It’s Sunday morning and Natalie Dorion stands in front of the church, playing her flute. Her fingers flying, she quickly scans the song sheets with her hand as she performs a stirring solo. Natalie then goes to the pulpit and begins leading the congregation in worship. All of this would seem commonplace, the traditional motions of any weekly worship service, except that Natalie is one of three visually impaired regular attenders at Windsor Mennonite Fellowship, a congregation of about 30 people in Windsor, Ontario.
Every week, Natalie comes to church, women’s Bible study, and other weekly activities. Although born blind, this does not stop Natalie from participating in various ministries in the church: from helping with crafts in the summer Vacation Bible School, to leading worship, to energetically participating in a prayer meeting. Through these activities, Natalie refuses to allow her physical disability to interfere with her social and spiritual life. Over the years, Natalie has also become a dear friend of mine, and as we have conversed and attended church together, she has begun to teach me more about what worship means to her and the unique challenges congregational life brings to someone with a visual impairment.
Of paramount importance to Natalie and others who are blind is attending to certain practical aspects of ministry. As a seminary student, I can attest to how easy it is to focus on the mechanics of a good sermon or the flow of a good worship service, all the while forgetting that maintaining the steps during the winter, fixing the dimming lightbulb, and removing cables and cords left lying on the floor are equally necessary for someone who is blind. In fact, when it comes to critiquing worship, a blind person is likely to focus less on the theology being espoused than on the building being difficult to maneuver or the potluck being inaccessible.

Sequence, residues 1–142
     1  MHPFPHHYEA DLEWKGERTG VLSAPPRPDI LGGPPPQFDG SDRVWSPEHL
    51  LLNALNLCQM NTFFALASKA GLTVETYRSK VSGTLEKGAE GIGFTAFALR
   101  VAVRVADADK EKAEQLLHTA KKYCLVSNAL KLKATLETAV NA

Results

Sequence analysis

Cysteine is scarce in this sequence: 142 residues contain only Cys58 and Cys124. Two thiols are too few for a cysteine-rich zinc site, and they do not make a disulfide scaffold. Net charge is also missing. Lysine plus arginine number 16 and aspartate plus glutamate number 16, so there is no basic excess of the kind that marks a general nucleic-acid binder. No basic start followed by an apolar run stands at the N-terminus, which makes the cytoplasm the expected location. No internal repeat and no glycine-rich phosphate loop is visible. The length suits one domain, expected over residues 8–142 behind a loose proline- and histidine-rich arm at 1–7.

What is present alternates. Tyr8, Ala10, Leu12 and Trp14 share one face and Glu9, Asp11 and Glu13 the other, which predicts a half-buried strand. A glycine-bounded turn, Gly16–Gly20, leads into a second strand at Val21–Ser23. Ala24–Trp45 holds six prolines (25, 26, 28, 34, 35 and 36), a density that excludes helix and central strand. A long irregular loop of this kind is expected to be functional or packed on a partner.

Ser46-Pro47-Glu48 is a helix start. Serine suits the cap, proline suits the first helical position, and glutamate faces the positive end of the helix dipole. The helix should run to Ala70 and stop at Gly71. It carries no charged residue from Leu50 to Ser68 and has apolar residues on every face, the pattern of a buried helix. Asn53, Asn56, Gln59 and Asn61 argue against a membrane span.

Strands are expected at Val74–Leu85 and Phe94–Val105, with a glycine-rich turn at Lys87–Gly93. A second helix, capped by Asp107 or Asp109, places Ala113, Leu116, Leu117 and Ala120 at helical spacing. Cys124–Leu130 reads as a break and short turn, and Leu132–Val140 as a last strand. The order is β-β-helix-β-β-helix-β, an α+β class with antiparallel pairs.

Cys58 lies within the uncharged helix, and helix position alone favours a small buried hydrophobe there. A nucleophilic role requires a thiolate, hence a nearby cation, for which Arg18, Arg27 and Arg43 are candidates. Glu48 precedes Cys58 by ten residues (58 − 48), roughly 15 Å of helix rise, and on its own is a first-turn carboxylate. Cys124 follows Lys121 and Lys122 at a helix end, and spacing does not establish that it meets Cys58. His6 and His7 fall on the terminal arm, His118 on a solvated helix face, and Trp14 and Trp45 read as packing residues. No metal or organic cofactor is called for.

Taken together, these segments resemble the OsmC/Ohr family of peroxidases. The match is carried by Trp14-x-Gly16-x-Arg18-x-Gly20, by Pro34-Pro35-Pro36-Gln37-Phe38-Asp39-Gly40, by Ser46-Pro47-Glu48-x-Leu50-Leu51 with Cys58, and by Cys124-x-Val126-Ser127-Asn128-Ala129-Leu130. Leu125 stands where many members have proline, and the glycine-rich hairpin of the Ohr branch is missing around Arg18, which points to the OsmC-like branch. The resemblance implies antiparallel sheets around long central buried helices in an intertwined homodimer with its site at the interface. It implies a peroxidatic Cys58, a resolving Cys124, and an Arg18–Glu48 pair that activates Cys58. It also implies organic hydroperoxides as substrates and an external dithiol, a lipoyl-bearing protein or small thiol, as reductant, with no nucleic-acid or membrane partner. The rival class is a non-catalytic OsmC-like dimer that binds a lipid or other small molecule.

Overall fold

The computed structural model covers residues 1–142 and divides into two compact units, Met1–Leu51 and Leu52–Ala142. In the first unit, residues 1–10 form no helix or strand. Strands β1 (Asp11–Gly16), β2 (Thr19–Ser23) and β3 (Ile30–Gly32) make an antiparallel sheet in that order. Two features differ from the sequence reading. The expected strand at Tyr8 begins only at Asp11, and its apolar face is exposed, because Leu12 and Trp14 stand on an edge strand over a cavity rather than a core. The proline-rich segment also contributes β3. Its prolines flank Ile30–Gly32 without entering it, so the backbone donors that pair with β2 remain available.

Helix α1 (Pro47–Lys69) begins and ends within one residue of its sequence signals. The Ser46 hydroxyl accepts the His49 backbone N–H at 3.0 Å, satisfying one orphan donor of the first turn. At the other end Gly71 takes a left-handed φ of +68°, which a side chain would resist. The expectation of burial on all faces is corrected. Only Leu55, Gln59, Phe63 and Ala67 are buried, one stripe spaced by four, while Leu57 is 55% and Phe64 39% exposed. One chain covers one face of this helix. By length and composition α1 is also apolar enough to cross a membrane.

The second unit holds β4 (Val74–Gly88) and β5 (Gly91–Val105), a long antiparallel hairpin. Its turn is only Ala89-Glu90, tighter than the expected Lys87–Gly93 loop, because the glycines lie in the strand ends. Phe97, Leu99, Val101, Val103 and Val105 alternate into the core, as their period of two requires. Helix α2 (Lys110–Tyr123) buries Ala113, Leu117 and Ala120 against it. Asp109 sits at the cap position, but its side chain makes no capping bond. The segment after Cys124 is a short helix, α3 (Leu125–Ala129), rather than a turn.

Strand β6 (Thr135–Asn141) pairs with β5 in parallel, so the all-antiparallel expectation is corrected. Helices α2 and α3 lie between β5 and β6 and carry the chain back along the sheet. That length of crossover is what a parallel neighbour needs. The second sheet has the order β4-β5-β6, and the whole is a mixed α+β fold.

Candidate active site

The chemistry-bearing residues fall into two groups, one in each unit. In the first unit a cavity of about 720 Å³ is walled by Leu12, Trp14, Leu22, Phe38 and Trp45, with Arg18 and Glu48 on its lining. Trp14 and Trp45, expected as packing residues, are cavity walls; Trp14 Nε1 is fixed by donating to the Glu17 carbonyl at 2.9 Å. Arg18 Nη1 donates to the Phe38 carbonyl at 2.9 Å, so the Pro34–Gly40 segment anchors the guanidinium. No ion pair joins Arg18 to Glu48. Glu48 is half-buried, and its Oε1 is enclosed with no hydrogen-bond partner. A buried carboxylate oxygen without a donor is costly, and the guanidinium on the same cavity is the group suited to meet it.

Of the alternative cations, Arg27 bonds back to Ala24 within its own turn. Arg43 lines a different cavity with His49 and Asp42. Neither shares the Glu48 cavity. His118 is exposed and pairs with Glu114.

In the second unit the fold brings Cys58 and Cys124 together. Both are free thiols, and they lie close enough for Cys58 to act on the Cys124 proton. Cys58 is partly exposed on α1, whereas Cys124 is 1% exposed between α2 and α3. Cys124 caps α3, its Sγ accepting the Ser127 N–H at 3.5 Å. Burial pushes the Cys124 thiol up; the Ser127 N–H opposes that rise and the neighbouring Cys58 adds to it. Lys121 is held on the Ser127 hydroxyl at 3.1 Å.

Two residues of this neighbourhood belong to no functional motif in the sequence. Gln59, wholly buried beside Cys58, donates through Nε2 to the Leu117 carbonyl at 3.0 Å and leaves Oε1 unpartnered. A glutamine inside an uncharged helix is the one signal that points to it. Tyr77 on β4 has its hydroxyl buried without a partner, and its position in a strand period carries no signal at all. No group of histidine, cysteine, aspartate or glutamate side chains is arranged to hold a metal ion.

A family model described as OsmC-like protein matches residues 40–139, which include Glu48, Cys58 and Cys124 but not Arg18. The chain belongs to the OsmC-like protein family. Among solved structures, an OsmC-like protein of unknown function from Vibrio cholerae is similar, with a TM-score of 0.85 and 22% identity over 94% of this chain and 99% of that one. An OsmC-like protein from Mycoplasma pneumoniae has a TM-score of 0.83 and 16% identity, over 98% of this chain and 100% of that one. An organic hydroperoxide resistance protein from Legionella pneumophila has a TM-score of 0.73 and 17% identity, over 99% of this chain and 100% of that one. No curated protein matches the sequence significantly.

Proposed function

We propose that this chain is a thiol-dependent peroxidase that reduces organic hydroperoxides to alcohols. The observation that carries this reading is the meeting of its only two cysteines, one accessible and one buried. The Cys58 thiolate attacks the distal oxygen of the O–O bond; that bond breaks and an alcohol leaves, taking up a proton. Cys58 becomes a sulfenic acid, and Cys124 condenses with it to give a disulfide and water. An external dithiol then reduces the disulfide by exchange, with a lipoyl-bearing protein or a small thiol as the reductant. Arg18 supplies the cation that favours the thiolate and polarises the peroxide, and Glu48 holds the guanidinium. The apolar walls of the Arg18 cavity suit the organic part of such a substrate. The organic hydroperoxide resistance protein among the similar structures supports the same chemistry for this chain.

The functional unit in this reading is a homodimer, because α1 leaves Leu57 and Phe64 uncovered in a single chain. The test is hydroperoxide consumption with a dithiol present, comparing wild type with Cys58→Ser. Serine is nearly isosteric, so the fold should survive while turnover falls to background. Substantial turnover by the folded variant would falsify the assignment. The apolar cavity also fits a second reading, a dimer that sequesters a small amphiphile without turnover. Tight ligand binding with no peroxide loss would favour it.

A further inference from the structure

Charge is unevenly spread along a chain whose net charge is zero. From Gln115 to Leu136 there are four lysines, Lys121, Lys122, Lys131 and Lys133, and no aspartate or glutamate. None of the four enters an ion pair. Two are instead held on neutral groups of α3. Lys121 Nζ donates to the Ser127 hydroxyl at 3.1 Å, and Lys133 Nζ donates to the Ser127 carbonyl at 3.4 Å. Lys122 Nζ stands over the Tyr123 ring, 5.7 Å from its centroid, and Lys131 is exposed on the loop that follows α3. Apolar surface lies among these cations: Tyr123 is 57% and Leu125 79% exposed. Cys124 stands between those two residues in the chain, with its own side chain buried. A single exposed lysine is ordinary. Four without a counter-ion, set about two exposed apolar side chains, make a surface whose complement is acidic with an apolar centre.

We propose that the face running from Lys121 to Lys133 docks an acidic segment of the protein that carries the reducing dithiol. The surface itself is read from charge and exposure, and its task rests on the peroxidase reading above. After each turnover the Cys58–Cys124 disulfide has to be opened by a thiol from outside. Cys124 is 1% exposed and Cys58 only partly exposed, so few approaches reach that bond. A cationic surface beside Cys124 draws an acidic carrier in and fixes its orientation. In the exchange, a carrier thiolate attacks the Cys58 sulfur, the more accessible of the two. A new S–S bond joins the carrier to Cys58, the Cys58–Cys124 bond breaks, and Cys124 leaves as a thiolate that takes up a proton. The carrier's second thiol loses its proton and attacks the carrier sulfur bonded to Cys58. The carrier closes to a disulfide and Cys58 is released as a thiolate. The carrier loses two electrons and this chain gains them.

A second consideration when planning a worship service for the visually impaired is that many individuals who are blind do have some level of sight; because of this it is imperative that churches maintain adequate lighting and have large print hymnals available. For example, churches should exercise caution when having Christmas Eve Candlelight Services, and orally describe any visuals being used. Doing simple actions like these help bring awareness and hospitality to the blind population and foster accessibility and inclusion.
As I reflect on all that Natalie has taught me, I am reminded that we need to make church an accessible place for all of God’s children. We need to make sure that we attend to even tiny details in order to offer hospitality for people who have disabilities who may come into our midst. When this happens, church can truly become a loving experience where fingers fly, hearts join together in love, and Christ is honored.